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Graduate students analyze historical data to inform future city planning

Volume of industry

The graduate students created an interactive dashboard where users can filter by an industry type and corridor location to view and compare the mix of industries in St. Pete.  The above image is from the dashboard created by USF students Sai Pavan Banala, Durga Mohan Bathula, Meghanjali Chennupati, Surendra Maddipati and Mohammed Afeef Shaik.

A partnership between the City of St. Petersburg and USF’s Muma College of Business provided a group of graduate students the opportunity to analyze historical data that could help the city make informed decisions about future growth in the community.

The students, comprised of industry professionals pursuing a Master of Science in Business Analytics and Information Systems, reviewed data on property ownership, investments and property values in the South St. Petersburg Community Redevelopment Area (CRA). The 7.5-mile special district from 30th Avenue South to 5th Avenue North is one of three CRAs established in 2015 to promote reinvestment in housing, neighborhoods and commercial corridors.

Students utilized advanced analytics applications to clean the data and create interactive visualizations. They also prepared project plans, proposal documents and video presentations to share their work.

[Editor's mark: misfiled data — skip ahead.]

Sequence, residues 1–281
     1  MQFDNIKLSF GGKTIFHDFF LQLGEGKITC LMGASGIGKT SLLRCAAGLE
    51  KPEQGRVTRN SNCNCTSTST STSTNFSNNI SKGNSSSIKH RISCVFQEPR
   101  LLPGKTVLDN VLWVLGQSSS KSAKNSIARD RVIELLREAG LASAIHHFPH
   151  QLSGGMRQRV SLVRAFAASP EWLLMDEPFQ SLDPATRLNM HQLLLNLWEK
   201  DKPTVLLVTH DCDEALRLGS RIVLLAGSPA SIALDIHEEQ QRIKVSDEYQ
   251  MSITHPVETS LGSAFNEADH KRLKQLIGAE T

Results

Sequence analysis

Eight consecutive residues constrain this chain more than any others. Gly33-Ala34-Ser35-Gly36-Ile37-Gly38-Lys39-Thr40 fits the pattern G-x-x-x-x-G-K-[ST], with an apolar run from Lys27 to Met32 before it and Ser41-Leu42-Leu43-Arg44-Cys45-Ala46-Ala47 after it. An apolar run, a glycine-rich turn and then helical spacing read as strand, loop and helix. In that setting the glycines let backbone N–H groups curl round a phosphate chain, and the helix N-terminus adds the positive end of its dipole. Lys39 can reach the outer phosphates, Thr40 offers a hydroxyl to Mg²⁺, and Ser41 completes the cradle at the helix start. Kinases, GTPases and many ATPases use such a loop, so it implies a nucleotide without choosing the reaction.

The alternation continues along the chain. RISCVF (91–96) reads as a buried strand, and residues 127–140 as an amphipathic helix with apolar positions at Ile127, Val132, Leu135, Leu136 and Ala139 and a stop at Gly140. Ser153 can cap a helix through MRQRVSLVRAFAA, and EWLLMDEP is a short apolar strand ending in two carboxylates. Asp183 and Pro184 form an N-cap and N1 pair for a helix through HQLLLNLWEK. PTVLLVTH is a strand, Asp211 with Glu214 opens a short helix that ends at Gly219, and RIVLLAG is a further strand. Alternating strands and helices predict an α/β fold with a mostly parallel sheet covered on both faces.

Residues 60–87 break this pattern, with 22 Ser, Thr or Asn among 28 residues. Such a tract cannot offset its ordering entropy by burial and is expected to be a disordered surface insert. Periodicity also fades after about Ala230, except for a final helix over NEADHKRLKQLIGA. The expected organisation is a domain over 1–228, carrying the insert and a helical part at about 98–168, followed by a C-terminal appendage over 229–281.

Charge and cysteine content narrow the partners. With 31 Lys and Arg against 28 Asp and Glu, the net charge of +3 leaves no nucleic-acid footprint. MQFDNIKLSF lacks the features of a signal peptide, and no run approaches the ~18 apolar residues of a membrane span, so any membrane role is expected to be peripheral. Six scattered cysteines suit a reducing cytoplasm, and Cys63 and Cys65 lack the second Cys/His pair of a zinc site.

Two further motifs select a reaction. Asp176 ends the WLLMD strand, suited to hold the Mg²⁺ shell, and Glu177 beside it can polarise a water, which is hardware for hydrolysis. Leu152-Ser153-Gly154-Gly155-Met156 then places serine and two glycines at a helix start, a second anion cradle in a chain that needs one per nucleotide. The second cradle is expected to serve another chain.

The city could use the historical data analyzed by the students to help devise strategies for public investments and infrastructure improvements in the future.

“The project gave us an opportunity to utilize various analytical techniques to find trends and patterns," said Neha Negi, a graduate student who received her MS in May. "Participating in this project expanded my knowledge of data analysis techniques and the importance of data-driven decision-making."

The spring 2023 collaboration was part of an Enterprise Information Systems course that gives students real-world experience in business analytics, data science, data engineering and information technology.

“This capstone course offers a unique experiential learning opportunity,” said Priya Dozier, assistant professor of instruction at Muma College of Business. “In other courses, they may get pre-set data with outcomes to practice a new skill. In the capstone course, it’s important for them to work through real-world data where the answer is not what they expect or might be messy. Navigating through these challenges reinforces critical thinking skills and prepares them to join the workforce.”

Dozier added that community organizations and local governments lack funding to hire consultants and data scientists for every project, so the partnerships benefit everyone involved. 

“The City of St. Petersburg’s Economic and Workforce Development staff truly valued the innovative partnership and successful collaboration with USF St. Pete and future business leaders,” said James Corbett, the city’s development administrator. “Graduate students received a unique learning opportunity working with public sector data for a real-world application while simultaneously providing the city with unique visualizations and analyses.”

Corbett said the city would utilize the results to support a data-informed approach to impactful and equitable planning for commercial corridors throughout the CRA, which will help support the long-term success of businesses in the community.  

USF and the City of St. Petersburg hope to create more partnerships like these in the future. 

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